Birth Story, Part II
3:44 p.m. - 2005-11-09
The next day passed as most "big" days do. Slooooowly. We weren't supposed to be at the hospital until 10 p.m., but planned to leave around 6 so that we could grab some dinner and stop to buy some toiletries, reading material, and snacks for the hospital.
It seemed like forever, but Alan finally made it home from work at 3 p.m. He showered and changed, and by 4 we just couldn't wait anymore. We stopped by my mother's to pick up her digital camera charger and drop off the dog, made a quick run by Melissa's to let her wish my belly luck, and then we were off.
Dinner at Applebee's, where nerves would only let me eat my salad, while Alan tried to keep himself from devouring the entire table. (Opposite reactions to stress, I guess.) Then a stop at Wal-M@rt, and a trip across town to Alan's mom's to give her the meal I didn't eat. We arrived at the hospital at 9:30 p.m., and I was a little worried that the nurses would chide us for being early. They were actually really grateful that we didn't come in at the same time as the other two scheduled inductions, because they were supposed to have everyone "checked in" by 10. (Why they don't just tell the women to be there earlier than that is beyond me.)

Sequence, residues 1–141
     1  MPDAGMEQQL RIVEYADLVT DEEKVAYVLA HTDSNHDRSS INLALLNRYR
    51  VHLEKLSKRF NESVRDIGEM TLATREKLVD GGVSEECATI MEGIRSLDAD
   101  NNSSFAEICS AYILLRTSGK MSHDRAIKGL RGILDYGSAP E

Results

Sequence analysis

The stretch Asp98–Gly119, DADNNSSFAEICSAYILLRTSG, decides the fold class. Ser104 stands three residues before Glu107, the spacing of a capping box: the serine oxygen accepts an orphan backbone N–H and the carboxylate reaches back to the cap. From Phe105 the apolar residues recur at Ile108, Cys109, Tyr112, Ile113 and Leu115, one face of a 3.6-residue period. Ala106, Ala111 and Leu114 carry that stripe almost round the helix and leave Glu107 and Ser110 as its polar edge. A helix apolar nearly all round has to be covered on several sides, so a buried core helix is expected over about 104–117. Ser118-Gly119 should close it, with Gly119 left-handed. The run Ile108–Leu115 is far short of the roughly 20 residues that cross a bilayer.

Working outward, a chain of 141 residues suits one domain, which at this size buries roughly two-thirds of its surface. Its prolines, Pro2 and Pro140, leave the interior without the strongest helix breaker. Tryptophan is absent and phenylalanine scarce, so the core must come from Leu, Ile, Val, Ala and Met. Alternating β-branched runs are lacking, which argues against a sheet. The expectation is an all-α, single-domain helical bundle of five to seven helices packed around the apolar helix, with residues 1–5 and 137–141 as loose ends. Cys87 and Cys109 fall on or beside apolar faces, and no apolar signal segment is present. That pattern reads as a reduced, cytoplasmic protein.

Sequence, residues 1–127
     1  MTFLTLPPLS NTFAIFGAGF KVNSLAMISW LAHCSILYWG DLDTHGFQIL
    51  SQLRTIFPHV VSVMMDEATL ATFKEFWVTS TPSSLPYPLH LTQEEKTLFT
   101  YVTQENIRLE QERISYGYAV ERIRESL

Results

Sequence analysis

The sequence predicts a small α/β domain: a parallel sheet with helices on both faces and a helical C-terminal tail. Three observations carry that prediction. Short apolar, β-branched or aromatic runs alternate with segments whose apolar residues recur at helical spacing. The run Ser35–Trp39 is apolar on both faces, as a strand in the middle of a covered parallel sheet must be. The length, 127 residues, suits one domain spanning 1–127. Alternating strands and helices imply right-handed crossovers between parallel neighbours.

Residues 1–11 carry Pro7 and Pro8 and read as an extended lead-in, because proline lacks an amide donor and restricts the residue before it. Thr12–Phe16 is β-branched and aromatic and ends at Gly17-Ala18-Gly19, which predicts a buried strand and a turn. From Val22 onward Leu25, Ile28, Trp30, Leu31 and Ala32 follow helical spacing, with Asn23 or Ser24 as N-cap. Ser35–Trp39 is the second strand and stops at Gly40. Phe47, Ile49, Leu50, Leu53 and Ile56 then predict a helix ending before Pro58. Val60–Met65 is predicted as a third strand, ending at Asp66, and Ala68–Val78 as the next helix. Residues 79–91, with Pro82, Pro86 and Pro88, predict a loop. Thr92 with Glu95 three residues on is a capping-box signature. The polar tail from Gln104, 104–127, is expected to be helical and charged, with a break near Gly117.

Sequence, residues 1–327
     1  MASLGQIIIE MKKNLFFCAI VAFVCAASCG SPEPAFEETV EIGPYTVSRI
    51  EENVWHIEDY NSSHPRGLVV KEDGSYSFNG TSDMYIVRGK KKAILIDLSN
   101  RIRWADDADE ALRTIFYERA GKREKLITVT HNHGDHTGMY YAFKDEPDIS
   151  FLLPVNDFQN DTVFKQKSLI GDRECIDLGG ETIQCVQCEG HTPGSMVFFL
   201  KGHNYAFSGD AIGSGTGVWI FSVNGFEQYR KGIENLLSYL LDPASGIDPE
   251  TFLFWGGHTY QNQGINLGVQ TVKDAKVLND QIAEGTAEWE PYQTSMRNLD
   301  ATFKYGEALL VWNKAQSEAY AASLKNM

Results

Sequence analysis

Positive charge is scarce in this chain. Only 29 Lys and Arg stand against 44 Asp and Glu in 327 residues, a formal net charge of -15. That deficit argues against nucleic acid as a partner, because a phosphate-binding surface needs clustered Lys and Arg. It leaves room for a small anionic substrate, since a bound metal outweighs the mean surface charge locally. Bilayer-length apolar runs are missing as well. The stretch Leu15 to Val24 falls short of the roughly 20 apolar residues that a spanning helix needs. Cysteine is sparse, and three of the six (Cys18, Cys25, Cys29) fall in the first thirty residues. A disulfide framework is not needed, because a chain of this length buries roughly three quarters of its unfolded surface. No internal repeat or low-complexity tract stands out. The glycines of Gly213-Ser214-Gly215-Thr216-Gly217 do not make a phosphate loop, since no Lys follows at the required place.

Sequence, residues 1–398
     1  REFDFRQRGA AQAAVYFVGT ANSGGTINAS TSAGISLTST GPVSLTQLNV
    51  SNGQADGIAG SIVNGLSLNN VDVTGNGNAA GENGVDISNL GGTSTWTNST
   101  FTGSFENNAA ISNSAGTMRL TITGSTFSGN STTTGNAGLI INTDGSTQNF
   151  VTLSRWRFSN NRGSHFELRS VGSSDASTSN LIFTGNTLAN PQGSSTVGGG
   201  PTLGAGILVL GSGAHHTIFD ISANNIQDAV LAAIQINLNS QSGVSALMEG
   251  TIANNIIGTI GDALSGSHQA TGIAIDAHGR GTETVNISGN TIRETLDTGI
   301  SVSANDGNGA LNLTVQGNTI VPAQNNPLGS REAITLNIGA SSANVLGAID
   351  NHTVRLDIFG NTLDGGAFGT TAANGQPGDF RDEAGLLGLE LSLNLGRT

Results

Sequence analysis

I changed into the regulation hospital gown, signed the DIE DEAD DYING DEATH ("but I've been working here for three years and I've never seen a uterine rupture") paperwork, and settled in for the night. Around 11 or so the nurse brought me an Ambien. I wasn't sure how it would affect me, so I only took half. It probably wouldn't have made a difference if I'd taken ten of them, though, because there was NO WAY I was getting any sleep that night.
We watched an hour or so of "O Brother Where Art Thou" and then tried to sleep. Alan was on a fold-out chair that looked hellaciously uncomfortable, and my bed may as well have been stuffed with rocks.
I dozed off and on throughout the night, getting up to pee every 45 minutes or so, and praying that that part of pregnancy would magically disappear as soon as the baby came out. (It did.)
About 6:00 the next morning they came in to set up the pitocin drip. I'd had the IV catheter thing put in the night before, so it didn't take long to get me hooked up to the machine. My mom was supposed to be at the hospital around 7:30, so I called to let her know that they were getting things started.
Everyone talks about how much pitocin hurts, but I didn't have that experience. At least not in the beginning. I started cramping--menstrual style--pretty early on, but it was nothing that I couldn't handle. I kept watching the monitor, but it was barely registering contractions, so that probably explains the lack of pain.